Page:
It always goes like this, doesn’t it? I don’t quite accomplish everything I had intended to accomplish in a given amount of time, so I adjust my goals to be more realistic, and I still find myself far from doing it all. And it’s not even that much. This summer, I thought I had made sure I would get a lot done, a lot of the stuff that matters to me, without taking on too much. I would focus my efforts on the process day to day, I would spend so much time on writing, reading, sewing, and it would inevitably lead to some amount of progress, some minimum amount of product that I could achieve. So I would write at least a certain amount, read at least a certain amount, and sew at least a certain amount. Realistic and measurable. Three goals isn’t too much to work on. Set up for success.

            But wait, there’s more. I have school work, college research, college visits, college applications, and the amount of time that all takes isn’t trivial. And things took longer than I had thought, and there were other things I had to do, and also things happen, things get disrupted or interrupted or rearranged, or whatever. I thought I had made liberal estimates on how long the summer homework would take, but even that was too optimistic. That’s how it always happens. That’s how I should expect it to happen. This is life, not a contrived narrative where everyone and everything follows scripted perfection, and the worst problems are healed with happy face band-aids and a mother’s kiss (though the problems I mentioned here aren’t even very bad…they may be mildly frustrating and stressful, but I need to remember that often difficulty and annoying-ness is relative and maybe my reference point is in my own bubble).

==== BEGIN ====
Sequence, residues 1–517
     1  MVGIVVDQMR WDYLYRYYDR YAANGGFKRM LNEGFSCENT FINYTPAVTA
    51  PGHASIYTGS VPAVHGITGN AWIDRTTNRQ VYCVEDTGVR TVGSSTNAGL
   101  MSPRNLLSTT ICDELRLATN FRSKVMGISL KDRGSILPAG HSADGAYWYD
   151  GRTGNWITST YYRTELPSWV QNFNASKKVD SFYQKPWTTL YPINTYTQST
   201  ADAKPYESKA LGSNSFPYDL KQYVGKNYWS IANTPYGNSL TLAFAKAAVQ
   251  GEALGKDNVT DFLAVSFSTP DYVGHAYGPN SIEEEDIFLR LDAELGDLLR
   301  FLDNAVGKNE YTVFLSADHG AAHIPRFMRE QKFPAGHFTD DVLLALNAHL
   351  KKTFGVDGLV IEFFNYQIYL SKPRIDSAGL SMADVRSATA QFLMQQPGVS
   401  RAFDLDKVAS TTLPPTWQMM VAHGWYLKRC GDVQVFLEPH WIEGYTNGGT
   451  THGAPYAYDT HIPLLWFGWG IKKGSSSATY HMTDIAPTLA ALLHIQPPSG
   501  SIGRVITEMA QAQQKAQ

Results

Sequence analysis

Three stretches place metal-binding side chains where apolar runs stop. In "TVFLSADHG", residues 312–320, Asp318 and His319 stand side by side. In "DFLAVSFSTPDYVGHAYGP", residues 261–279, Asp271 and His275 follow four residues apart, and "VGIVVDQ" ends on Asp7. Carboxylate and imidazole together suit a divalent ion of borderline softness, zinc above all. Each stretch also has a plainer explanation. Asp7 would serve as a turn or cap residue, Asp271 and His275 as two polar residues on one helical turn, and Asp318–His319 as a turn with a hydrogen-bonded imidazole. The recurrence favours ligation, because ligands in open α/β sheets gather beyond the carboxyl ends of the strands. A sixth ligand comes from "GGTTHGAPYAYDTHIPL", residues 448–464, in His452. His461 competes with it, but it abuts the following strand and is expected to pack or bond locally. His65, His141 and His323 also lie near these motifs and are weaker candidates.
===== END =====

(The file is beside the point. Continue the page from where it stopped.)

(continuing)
Story made quick: junior year burnout. I needed to take a break from school, a sabbatical. I would make sure I completed all the school work, but for a month, I would set aside school, college, and electronics and engage in a period of intense creating (writing, sewing, art, crafts) and filling (myself with inspiration–reading, taking walks, exploring, thinking).

            I didn’t actually set aside my electronics…I think I had to check my email for school reasons and similar work-type reasons…then I was behind on homework (according to my planned homework schedule) so I still had to do my homework and it was on the computer, and then I…decided to read some blogs. (I reliably find reading Madalynne and This I Wear a worthwhile experience.)

            I read Bird by Bird by Anne Lamott, and it was good. (Yes, I did read other books. For example, I read Pilgrim at Tinker Creek by Annie Dillard, and then I sounded like her while writing the second few drafts of my college essay.)

            I can’t write a marathon, especially after not writing for so long. If I want to build up my endurance, I need to start from what I can do, start small. It’s not a surprise that I can’t write for hours, that I can’t make a huge complex story take form on the page so soon. So I write, and keep writing, and keep writing. Not all at once, and not for hours without stop. But I try to make it a habit, get down some pages, try to gain some working endurance. Try to get this momentum (sorry, I’m mixing metaphors) and direction so that I can go, not crash, not slow down to a stop.

            There are days when I write more than others. There were days I set up hours to write but ran out of things, my brain felt fried. I think some of the best days this summer were when I did multiple different things, thoroughly, well. Some homework, some writing, some exercise… this is what I’ll be doing in the school year. This is not exactly a break, but maybe it will be a sustaining life. Sustainable, and enough to sustain me.